Johnny Sexton continuing to tick all of the boxes
Return of razor-sharp Earls a significant boost for more ambitious Munster
Munster’s Chris Farrell offloads as he is tackled by Leinster ’s Josh van der Flier and Robbie Henshaw at the Aviva Stadium. Photograph: Billy Stickland/Inpho
Leinster 23 Munster 17
For a team that never led and rarely threatened to do so, Munster could nonetheless take plenty from this game and certainly, as Rassie Erasmus maintained afterwards, more than was the case on this same weekend a year ago.
Although the scoreline then, 25-14, was similar, Leinster were arguably more clear-cut winners that day, and a year on, despite having to do more of the defending, Munster turned the 3-2 try count around,
The work-rate and discipline of their defence – which showed good line speed, made good reads and numbered up to ensure they were never outflanked out wide – kept them in the game, not least when Ian Keatley poached a turnover try while they were down to 14 men in the first half.
Though living off scraps until the last quarter, thanks in the main to an 11-1 penalty count until that point, Munster showed plenty of ambition, made more line breaks and offloads, as well as scoring more tries. To this end, they were helped considerably by the penalty count balancing with six to none in their favour. As Erasmus maintained, those lob-sided penalty counts of the first hour and the last quarter coloured so much of this match.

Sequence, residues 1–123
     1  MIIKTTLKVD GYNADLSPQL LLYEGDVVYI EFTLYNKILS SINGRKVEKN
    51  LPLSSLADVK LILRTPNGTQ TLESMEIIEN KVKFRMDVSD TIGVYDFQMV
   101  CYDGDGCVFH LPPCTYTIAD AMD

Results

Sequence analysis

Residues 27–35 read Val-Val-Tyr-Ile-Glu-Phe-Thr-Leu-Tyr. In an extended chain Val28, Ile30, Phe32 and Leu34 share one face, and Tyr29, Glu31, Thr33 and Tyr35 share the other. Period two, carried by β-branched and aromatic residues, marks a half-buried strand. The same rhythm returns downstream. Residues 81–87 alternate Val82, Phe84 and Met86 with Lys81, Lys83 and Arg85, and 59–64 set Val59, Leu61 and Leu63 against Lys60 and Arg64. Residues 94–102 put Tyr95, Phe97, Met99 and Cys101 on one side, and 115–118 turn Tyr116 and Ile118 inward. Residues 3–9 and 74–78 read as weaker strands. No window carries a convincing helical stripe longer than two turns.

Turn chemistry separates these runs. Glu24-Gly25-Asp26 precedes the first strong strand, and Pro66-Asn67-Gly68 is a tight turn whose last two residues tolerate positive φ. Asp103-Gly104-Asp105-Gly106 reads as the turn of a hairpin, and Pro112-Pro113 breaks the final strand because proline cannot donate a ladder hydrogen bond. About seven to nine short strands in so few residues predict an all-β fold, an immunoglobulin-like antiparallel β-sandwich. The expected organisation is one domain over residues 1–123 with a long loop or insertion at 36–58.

It will be fascinating to see which of their three outhalves Erasmus goes with away to Castres next Sunday, although even so the evidence seemed to suggest JJ Hanrahan took the ball to the line and marshalled the backline better.
“We’ve played around, but we must stop playing around now and settle on selection combinations next week. We’ve seen who can do what and now we must pick our best side on form next week. But it’s nice to have three proper 10s.”
“We can play Earlsy at 13, but we tried Tyler in case we’ve another injury at 12. We know who the number one 12 is. We chose to alter it a bit today. We know who our number one 10 is and we’ll go with him next week.”
Particularly encouraging was the sight of a razor-sharp Keith Earls hitting the ground running on his delayed season appearance. He looked dangerous every time he touched the ball, finished very sharply on two occasions, while his best finish of all was correctly ruled out for Chris Farrell’s forward pass to him when he stepped Joey Carbery, sped clear of Rory O’Loughlin and dummied Barry Daly.
“Yes he looked sharp,” enthused Erasmus, who revealed: “He was only supposed to go 60 minutes or so, but he had to go 80.”
“He’s world class,” said Peter O’Mahony, “and we need as many of these guys as we can back fit and playing as well as they can.”
O’Mahony, who took umbrage with Reggie Corrigan’s line of post-match questioning on TG4 regarding a lack of intensity from Munster, also said this game has been typical of the Leinster-Munster rivalry.
“The intensity is always incredible. Collisions are always that step up. It’s a great fixture, it certainly isn’t, you know, there were people talking about a training fixture, it’s far from it.
“The collisions are massive, the intensity, it’s a big part of Irish rugby, the provincial games, your will to win, you want to win and your intensity and everyone tries as hard as they can. They’re very important to Irish rugby, certainly.”